Belfast Telegraph

Former Jyrobike boss wins case over unfair dismissal

Exclusive by John Mulgrew

A former company director has won his case for unfair dismissal after he was removed from his company, Jyrobike, the Belfast Telegraph can reveal.

Holywood-based Jyrobike had aimed to re-invent the wheel, allowing young children to learn how to cycle and balance on their bike without the aid of stabilisers.

The business - which entered administration in July - was founded by Australian Rob Bodill and business partner Dana Hoffer.

But Mr Bodill was removed as a director of the company.

Until HNH Group was appointed administrators, the firm also counted prominent Northern Ireland businessman Paul Carson, former chief executive of wind energy firm Simple Power, and Mervyn McCall as its directors.

Mr McCall is part of the Halo network of investors at the Northern Ireland Science Park and was a co-founder of fit-out firm Mivan. Jyrobike was set up in Co Down in 2013 but now owes more than £500,000 to unsecured creditors, according to Companies House.

Now, a default judgment from Robert Bodill's Industrial Tribunal case against Jyrobike Ltd has said a series of claims, including his "unfair dismissal," was "well-founded".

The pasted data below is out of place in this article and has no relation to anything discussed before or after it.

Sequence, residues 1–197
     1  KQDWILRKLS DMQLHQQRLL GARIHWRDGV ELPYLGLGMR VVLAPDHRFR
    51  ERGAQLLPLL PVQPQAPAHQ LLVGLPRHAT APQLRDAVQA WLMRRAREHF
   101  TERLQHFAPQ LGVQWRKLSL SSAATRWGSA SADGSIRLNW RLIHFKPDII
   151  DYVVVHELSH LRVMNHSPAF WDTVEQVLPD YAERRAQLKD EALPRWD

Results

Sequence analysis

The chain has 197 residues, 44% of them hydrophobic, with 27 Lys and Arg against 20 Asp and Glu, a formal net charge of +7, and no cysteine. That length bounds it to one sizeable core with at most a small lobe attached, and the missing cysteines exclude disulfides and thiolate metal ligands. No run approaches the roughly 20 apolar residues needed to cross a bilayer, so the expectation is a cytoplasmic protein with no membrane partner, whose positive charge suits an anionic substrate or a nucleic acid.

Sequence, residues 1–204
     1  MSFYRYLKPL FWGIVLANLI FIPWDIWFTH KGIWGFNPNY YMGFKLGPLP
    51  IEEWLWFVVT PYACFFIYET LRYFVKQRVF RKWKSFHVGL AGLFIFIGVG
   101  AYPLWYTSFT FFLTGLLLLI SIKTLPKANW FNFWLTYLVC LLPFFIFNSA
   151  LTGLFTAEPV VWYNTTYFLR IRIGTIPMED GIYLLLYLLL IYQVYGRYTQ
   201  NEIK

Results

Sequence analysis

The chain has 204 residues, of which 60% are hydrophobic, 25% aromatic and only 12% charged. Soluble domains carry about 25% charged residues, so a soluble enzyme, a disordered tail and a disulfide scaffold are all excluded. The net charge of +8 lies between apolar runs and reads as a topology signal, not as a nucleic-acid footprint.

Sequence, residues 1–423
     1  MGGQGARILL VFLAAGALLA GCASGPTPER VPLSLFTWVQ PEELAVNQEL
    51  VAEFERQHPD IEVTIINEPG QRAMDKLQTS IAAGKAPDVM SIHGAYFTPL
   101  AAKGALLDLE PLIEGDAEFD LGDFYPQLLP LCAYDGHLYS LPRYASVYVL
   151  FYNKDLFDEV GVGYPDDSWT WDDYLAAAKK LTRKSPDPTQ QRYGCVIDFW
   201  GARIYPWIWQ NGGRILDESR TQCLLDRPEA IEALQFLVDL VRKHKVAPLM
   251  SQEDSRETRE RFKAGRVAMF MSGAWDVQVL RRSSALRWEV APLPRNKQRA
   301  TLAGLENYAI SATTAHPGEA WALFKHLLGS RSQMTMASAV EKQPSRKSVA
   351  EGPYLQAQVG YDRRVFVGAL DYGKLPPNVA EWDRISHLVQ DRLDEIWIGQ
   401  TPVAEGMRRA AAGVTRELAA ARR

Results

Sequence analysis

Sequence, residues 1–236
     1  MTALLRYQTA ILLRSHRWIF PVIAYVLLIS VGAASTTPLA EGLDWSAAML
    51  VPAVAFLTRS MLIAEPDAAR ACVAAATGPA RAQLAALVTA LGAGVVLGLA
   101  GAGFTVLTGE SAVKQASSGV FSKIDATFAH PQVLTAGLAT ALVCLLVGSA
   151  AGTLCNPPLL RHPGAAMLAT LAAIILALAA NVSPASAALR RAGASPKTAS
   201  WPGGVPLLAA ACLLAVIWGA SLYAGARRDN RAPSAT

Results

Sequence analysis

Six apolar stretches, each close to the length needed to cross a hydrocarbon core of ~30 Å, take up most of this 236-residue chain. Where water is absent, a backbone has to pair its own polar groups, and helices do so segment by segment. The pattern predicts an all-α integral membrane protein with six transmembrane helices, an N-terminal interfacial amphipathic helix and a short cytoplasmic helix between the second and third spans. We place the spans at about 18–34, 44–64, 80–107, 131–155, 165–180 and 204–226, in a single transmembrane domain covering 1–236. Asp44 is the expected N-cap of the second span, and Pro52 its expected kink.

It was also "well-founded" in its wage claims and holiday pay claims. The default judgment said "the respondent does not intend to resist these claims".

There will now be a remedies hearing in Belfast this morning to determine possible compensation.

The business was brought to Northern Ireland in 2013, and based in Holywood.

Jyrobike was brought into Northern Ireland with assistance from Invest NI.

Meanwhile, in a statement of proposals by administrators HNH, the report said the only preferential creditors listed are "former employees of the company for unpaid wages and holiday pay". Administrators HNH did not wish to comment on the case.

According to the list of creditors so far, the company owes £557,000 to dozens of businesses.

They include law firm A&L Goodbody, which is owed more than £23,000. And Invest NI is also listed and is owed more than £154,000.

The business also owes £22,000 to HMRC. And in the report, it also proposes appointing "an agent to undertake an extensive marketing campaign, and realise the company's intellectual property rights".

Jyrobike first got its wheels in motion thanks to a Kickstarter campaign. It raised $185,000 (£120,000) in the space of just 30 days, making it was one of the most successful children's product campaigns on the crowd-funding website.

The concept came out of an idea in the US, with Jyrobike setting up shop in Northern Ireland in November 2013. It had operated a base at the Pavillions Office Park in Holywood, but also had a registered office in Cambridge.

Rob Bodill developed the product after travelling to the US in search of new technology - there he found Jyrobike and was offered the chance to buy the firm.

It was invented by students at Dartmouth Engineering College.


The amount of money Jyrobike owes to unsecured creditors

Belfast Telegraph